Showing posts with label crows. Show all posts
Showing posts with label crows. Show all posts

Bird Know What You Are Thinking - They Understand Behavior

Be careful the next time you quietly curse a magpie attacking you during breeding season. It may know what you are thinking. Why is it that the birds seem to know the personalities of individuals walking by? If you have fed them in the past they appear to remember you and let you go on by unhindered while swooping down onto the heads of other people.

Crows have been observed hiding food from other crows. This is not due to stress as was once believed. There is still contention between the two opposing groups of scientists. Tests on scrub jays it was claimed proved that they were hiding food from more dominant Jays. This was really a hypothesis, not real proof.

The other group claims that birds are conscious of others and what other may be seeing, like humans. In their tests bird were allowed to hide peanuts in a litter of corn cobs. If another bird was watching they later came back and re-hid the peanuts. When they buried peanuts on their own they rarely re-hid them.

This was the key finding - stress from stealing hidden peanuts should change behavior. It didn't! Birds were given a tray of ground cobs but an empty bowl with no peanuts. They were then given cobs and peanuts which they hid. Researchers stole all the peanuts from this tray.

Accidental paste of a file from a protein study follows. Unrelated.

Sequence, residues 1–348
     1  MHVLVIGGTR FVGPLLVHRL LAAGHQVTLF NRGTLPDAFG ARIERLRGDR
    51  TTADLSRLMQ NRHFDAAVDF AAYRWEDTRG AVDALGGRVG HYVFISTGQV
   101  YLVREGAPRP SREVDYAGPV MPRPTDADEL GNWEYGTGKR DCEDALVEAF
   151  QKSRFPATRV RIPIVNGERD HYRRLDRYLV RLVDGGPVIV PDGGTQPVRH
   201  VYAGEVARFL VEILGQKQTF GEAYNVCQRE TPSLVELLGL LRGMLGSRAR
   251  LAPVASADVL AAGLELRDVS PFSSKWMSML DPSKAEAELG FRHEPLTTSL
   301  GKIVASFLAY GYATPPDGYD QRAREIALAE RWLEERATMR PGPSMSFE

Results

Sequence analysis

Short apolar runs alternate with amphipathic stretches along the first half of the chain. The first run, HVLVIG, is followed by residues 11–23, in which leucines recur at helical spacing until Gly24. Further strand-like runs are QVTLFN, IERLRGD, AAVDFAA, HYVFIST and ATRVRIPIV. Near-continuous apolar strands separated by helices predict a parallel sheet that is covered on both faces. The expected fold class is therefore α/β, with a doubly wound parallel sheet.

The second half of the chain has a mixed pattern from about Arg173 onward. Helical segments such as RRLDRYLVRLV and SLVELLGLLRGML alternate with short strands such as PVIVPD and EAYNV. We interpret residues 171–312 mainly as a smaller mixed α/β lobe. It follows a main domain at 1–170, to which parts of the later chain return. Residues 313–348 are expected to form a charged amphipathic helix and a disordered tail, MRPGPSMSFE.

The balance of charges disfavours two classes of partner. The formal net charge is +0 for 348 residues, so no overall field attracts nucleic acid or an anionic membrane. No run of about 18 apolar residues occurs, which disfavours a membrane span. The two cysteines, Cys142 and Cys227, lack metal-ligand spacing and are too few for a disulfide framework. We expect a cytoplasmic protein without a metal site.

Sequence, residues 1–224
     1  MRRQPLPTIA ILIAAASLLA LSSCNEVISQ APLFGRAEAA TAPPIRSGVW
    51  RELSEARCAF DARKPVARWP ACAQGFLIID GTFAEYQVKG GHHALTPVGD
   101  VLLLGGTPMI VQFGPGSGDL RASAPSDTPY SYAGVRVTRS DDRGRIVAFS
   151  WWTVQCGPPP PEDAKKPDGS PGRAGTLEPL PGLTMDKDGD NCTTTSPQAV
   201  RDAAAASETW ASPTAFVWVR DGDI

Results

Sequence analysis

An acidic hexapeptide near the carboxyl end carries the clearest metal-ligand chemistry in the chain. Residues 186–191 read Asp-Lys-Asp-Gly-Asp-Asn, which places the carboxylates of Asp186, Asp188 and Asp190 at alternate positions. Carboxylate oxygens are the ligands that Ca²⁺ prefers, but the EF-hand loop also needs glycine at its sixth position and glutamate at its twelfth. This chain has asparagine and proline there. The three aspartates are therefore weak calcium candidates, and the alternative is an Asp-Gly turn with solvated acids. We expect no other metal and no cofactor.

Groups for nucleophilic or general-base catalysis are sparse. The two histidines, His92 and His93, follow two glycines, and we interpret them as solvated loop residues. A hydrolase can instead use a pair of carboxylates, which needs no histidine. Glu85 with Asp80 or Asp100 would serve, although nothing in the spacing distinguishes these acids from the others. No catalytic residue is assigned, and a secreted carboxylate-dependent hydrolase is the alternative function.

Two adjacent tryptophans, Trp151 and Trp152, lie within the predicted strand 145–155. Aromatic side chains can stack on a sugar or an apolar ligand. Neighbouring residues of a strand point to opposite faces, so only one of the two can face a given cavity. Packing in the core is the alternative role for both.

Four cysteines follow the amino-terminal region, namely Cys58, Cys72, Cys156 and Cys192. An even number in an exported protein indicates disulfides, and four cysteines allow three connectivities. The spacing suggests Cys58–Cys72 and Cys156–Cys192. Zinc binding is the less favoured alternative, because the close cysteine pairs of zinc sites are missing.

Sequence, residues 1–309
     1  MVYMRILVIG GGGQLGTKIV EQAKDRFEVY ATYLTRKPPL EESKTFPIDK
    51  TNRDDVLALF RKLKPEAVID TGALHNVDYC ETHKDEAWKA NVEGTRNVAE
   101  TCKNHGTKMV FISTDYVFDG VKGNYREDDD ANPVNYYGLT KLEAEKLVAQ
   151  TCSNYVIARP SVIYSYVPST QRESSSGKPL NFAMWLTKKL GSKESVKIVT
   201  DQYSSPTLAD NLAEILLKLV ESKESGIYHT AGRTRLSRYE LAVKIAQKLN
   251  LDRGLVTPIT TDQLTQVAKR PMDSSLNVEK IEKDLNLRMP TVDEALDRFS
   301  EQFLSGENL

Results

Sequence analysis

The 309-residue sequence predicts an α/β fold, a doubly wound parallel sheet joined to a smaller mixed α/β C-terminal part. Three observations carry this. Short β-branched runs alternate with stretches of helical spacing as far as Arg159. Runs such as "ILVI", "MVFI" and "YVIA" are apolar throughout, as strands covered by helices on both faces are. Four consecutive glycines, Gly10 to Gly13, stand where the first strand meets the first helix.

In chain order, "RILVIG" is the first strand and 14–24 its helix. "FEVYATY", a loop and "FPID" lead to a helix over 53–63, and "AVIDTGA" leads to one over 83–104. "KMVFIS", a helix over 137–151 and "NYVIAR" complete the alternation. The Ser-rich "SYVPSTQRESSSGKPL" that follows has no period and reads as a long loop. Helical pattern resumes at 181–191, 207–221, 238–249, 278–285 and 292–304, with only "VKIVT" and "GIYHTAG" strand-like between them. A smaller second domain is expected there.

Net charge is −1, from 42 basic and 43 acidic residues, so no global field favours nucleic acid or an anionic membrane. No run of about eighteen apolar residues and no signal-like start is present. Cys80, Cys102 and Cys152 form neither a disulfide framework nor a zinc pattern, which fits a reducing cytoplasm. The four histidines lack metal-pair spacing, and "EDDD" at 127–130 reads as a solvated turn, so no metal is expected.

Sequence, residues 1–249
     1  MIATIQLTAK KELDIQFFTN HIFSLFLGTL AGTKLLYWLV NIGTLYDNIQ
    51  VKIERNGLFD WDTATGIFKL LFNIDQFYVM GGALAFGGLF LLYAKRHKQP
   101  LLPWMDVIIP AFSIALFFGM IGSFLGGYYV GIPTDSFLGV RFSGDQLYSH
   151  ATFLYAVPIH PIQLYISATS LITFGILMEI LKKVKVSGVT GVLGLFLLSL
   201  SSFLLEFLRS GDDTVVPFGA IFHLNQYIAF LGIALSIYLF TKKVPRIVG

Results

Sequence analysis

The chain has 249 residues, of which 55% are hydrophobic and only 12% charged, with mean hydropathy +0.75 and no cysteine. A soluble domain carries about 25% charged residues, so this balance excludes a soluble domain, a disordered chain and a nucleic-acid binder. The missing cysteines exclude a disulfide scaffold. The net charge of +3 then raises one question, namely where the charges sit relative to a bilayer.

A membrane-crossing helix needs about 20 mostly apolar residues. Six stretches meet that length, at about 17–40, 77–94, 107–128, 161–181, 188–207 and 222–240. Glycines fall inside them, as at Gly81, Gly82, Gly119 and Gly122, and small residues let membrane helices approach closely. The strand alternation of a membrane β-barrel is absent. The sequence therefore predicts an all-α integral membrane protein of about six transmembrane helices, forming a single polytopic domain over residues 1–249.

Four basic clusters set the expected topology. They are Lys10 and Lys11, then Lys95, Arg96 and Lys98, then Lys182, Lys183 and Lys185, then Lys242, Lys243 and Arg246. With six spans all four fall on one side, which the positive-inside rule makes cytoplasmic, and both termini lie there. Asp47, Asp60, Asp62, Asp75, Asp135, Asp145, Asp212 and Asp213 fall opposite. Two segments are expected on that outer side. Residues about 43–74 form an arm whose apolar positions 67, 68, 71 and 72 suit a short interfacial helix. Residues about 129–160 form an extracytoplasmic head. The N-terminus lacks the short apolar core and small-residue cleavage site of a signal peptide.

The birds were split into two teams for study. One had peanuts, a new cob tray with the "sham" empty tray. The other had peanuts, a new cob tray with the "pilfered" tray. Stress from knowing that peanuts had been stolen earlier did not change behavior. Both teams of jays hid peanuts in the same way.

The "contra" group of scientists claimed that the sham tray with no peanuts stressed the birds just as much as the pilfered tray. Obviously, the scientific test for testing new scientific claims is not set on concrete. It can be bent for one's own purpose.
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Cockatoo Makes and Uses Tools

It was believed that Man was the only toolmaking animal. In recent times many animals have been seen using tools like wood and rocks mainly to access food.

A cockatoo named Figaro kept in captivity in Austria has been using tools to get food. Birds are extremely intelligent creatures. It is known that they mimic sounds such as the human voice. Some can even understand the meaning of basic sentences. Figaro creates tools, modifying tools specifically to get small pieces of food placed outside his cage.

Other bird species observed using tools are crows, ravens, woodpecker finches and Herons. A captive New Caledonian crow used wire rather than wood to reach into crevices for grubs. Northern blue jays have used shredded paper to gather up food pellets. In the wild they do not use tools at all.

Tool use is not a specific function developed at a particular point in time by a species. It a a general function of high intelligence. To access food, many smart animals can make and use tools. Man the toolmaker is not unique.
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